Following the death of my writer friend Margaret at the age of 90, last week I attended her funeral in Coventry.
No mean and mumbled half hour at the local crem for Margaret. It was a beautiful hour-long tribute in her local historic church immaculately arranged by Margaret herself some ten years previously (yes, that's how well organised she was!). Embossed invitations arrived through the post as if to a wedding, a heavenly choir sang her favourite hymns and little slips of paper inserted in the order of service booklets requested the contact details of all who attended. Surprising revelations in her son's eulogy about the secret passion for fancy dress and how Margaret was held at gunpoint twice on her travels over the years when venturing to regions where angels fear to tread.
I'm now half expecting a thank you note from Margaret through the post as that's the kind of lady she was!
A sumptuous spread awaited us in the flower-festooned church hall next door afterwards replete with wine waiters. All her photo albums were on tables. I was fascinated as I'd never seen the young Margaret before.
Struck by how lovely some of the photos were (one distinctly regal!) I discreetly snapped my favourites above when the opportunity arose as I knew Margaret wouldn't mind, being a fellow writer and documenter of life. In addition I have often been to funerals and seen at least one special photo I have never seen before and am likely never to see again, but felt it unseemly to bother the grieving loved ones for a copy.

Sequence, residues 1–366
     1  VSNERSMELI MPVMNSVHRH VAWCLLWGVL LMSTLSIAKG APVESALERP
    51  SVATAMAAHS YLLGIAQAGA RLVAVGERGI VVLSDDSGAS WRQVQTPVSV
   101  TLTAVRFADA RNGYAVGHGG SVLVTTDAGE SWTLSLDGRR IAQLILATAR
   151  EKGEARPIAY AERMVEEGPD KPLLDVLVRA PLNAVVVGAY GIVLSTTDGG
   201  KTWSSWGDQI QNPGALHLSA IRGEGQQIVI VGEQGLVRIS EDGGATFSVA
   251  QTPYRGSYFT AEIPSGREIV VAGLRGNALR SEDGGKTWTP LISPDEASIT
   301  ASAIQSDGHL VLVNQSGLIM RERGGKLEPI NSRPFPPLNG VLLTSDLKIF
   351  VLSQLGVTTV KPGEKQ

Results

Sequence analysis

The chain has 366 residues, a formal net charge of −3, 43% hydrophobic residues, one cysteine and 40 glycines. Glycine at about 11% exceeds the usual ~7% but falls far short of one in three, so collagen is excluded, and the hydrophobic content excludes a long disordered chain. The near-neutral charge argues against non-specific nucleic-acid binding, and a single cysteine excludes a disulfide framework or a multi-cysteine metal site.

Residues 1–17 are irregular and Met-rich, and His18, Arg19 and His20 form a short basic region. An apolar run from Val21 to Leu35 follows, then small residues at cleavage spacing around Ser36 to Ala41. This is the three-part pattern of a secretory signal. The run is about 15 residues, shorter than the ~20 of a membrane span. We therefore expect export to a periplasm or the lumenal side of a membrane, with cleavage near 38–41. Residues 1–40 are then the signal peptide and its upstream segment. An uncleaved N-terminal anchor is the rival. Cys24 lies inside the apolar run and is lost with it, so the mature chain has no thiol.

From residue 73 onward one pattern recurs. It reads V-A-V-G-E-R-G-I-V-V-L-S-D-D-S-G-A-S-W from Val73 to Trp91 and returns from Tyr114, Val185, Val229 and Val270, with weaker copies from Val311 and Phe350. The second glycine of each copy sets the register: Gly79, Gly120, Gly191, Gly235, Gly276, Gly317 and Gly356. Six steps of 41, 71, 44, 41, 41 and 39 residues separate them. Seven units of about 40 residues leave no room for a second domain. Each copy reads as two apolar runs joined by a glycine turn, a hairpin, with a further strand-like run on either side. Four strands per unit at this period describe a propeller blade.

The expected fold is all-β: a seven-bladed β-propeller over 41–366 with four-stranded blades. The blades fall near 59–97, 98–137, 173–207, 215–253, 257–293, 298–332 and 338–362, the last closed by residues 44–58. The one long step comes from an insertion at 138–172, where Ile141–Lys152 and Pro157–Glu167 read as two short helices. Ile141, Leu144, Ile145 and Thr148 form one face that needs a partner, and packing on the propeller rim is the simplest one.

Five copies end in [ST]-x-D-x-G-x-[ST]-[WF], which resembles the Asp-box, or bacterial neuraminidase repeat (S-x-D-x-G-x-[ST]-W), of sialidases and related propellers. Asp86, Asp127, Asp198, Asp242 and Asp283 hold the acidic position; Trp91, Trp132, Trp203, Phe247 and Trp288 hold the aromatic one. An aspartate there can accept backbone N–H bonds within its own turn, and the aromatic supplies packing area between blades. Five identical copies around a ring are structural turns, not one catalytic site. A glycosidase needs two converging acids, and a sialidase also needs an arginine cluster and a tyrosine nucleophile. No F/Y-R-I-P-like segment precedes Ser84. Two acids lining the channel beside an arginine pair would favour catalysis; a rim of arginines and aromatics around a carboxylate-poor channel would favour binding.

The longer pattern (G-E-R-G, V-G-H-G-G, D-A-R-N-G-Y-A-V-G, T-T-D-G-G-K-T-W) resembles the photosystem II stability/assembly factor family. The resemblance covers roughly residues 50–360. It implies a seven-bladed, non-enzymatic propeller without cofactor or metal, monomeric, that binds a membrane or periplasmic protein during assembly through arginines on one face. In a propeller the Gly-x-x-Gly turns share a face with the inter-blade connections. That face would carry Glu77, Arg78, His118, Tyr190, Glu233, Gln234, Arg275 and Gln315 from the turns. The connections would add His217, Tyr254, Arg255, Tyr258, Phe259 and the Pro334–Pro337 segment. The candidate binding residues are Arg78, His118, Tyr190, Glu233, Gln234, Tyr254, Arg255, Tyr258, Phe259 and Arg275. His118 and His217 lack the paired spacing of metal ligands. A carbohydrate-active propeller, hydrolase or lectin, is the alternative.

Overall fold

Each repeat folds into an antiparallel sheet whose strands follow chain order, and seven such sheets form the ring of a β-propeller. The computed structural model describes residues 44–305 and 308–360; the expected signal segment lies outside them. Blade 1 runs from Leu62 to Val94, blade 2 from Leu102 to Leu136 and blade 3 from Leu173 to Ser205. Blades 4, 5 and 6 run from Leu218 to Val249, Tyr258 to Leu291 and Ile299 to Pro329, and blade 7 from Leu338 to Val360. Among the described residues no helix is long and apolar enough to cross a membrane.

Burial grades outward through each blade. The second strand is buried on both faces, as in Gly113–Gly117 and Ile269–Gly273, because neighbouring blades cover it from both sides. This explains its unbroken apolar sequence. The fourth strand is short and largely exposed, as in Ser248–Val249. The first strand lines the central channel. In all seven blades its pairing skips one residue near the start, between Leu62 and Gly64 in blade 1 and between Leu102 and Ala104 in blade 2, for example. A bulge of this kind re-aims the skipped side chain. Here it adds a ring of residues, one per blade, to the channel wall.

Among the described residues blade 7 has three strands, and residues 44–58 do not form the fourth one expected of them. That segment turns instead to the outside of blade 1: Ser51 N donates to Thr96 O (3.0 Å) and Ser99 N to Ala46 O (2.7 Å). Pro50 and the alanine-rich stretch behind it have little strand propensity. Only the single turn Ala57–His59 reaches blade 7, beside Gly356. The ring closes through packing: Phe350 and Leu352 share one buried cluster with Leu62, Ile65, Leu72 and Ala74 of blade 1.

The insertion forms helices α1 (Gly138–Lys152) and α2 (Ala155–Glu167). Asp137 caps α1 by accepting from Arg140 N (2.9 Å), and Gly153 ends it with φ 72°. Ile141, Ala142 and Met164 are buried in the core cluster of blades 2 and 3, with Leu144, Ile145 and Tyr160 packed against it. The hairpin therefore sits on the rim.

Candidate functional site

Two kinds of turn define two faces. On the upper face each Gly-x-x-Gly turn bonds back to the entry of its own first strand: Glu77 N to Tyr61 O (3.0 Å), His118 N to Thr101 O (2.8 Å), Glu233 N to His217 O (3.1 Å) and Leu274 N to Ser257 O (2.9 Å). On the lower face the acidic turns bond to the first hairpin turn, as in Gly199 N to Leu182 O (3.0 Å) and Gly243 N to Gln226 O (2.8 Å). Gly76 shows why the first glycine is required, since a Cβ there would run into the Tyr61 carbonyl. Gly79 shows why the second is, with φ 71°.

Such was the case with a magical photograph of an ex-boyfriend at his funeral two years ago that I wished I had photographed a copy of. I suppose I am sentimental like that. I like to have a keepsake that makes me smile when thinking about a lost friend or loved one. And actually I prefer a nice photograph to any physical keepsake.
The photos of young Margaret reminded me of a nursing home where I used to visit my Great Aunt. Each doorway had a framed photograph affixed to the wall next to it containing a favourite photograph of the resident when young. This was not just an aide memoire to those residents who were losing their memories and looking for the right bedroom door, but a stark reminder to the mostly young care staff that their clients were also once young and to encourage them to see them as people like them who just happened to have lived longer, and not merely as they were now. It seemed to work. An ethos of respect permeated the home and Great Aunt Alice was well cared for.